Young star Wakefield on how losing makes him better

Harry Wakefield World Juniors 800

June 17 2024

Harry Wakefield has badminton in his blood and is hellbent on achieving a family dream of playing in an Olympic Games but knows he will have to lose matches to get there.

Wakefield, 19, is one of Badminton England’s rising stars, currently working on his game as he sets his sights on silverware down the line.

After dominating at county and youth level, Wakefield now finds himself in the big time – surrounded by the best England has to offer in the sport, who are not beaten easily.

And while he may no longer be the best in the building, he insists that the taste of defeat is only pushing him further to improve, hoping to join the likes of Ben Lane and Sean Vendy at LA 2028.

“Going from an academy where me and my partner were better than everyone else to an environment where you’re the worst training with Olympic players every day, it can be a little bit demoralising,” Wakefield said.

“I’ve got a very winning mentality and when I’m not beating amazing badminton players, it did get to me.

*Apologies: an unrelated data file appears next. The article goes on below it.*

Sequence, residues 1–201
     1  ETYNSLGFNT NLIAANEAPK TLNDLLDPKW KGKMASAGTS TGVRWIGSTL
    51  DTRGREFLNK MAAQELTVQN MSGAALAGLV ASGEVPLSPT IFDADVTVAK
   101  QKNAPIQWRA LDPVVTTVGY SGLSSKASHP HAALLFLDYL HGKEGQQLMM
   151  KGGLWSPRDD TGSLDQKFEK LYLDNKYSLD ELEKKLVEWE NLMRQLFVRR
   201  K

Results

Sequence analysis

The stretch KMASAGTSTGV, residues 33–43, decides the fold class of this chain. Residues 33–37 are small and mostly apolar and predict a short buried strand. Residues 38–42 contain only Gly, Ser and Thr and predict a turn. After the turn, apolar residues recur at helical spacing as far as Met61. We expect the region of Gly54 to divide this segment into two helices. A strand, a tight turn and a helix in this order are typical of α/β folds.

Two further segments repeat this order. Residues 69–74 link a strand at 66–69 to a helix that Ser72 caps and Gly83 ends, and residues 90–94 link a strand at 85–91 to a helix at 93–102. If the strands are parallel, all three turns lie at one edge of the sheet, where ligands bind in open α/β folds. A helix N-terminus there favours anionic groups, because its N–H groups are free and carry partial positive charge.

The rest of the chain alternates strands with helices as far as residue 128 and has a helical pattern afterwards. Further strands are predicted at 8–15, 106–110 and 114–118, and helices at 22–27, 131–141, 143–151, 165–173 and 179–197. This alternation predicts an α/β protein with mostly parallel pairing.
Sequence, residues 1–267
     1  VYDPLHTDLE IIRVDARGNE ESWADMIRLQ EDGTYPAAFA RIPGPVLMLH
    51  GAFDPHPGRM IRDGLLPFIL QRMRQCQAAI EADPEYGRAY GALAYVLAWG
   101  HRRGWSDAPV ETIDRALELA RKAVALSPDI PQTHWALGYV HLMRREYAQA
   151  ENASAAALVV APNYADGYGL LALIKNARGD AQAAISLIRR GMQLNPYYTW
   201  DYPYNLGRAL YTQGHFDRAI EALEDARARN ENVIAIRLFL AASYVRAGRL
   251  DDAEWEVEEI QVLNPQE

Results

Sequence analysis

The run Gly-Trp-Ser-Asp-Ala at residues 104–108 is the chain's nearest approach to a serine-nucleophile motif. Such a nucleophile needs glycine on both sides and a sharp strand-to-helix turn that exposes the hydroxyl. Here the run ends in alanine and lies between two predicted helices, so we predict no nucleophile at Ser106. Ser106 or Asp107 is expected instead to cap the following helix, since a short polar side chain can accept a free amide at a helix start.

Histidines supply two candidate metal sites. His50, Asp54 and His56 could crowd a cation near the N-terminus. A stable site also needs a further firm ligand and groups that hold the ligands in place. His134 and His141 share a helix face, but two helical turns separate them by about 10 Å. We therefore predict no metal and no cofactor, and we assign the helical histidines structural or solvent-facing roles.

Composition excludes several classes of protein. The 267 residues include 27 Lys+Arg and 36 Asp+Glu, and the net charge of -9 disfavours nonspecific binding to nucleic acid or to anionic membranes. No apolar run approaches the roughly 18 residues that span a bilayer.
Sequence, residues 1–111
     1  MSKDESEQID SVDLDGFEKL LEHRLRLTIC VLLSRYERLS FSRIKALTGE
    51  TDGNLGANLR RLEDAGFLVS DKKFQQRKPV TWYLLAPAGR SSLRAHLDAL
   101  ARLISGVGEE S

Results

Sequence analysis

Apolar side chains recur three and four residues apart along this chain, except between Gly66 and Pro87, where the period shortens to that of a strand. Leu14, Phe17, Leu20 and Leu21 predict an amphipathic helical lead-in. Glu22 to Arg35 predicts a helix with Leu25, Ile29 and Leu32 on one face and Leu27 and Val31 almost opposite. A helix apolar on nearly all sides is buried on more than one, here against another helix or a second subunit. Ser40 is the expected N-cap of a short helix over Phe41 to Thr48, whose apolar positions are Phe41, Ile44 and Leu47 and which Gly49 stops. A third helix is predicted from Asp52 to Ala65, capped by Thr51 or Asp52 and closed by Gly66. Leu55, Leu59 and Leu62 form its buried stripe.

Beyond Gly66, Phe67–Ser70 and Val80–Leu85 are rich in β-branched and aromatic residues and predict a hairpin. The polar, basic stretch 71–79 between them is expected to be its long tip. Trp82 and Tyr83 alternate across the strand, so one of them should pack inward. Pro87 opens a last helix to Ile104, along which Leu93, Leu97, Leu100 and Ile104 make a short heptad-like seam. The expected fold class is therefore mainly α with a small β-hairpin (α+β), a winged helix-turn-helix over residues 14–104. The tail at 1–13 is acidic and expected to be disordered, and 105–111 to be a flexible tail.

“I look at Ben and Sean and it motivates me even more. Their overall attitude towards the sport inspires me a lot.

“Because I’m not winning as many matches in training, it motivates me to push harder in the gym and on the court, just so I can catch up to players over time.

“Setting my goals high, I want to play the LA 2028 Olympics. I know it’s only four years away, but I think I can do it. I might as well reach for the stars.”

Born and raised in the Norfolk countryside, Wakefield’s training regiment was disrupted by the fact his local area was starved of any top-level badminton facilities.

Needing to travel far and wide to further his game, Wakefield is quick to emphasise the importance of his parents in helping him reach the level he finds himself at today – citing his father as a key person in his badminton journey.

“My dad got me into it, he was quite a good player, he played county level,” Wakefield said.

“He started taking me to sports centres and clubs, we just started playing and I fell in love with the sport. I loved it and I just kept playing from there.

“I don’t think I’d be where I am today without my parents. I think they put in a massive amount of dedicated time for my badminton, whether that be travelling up and down the country for training, because where I lived before there weren’t too many training opportunities.

“We were driving to Milton Keynes every two or three days, which meant there were quite a lot of sacrifices they had to make. I don’t think I can thank them enough.”

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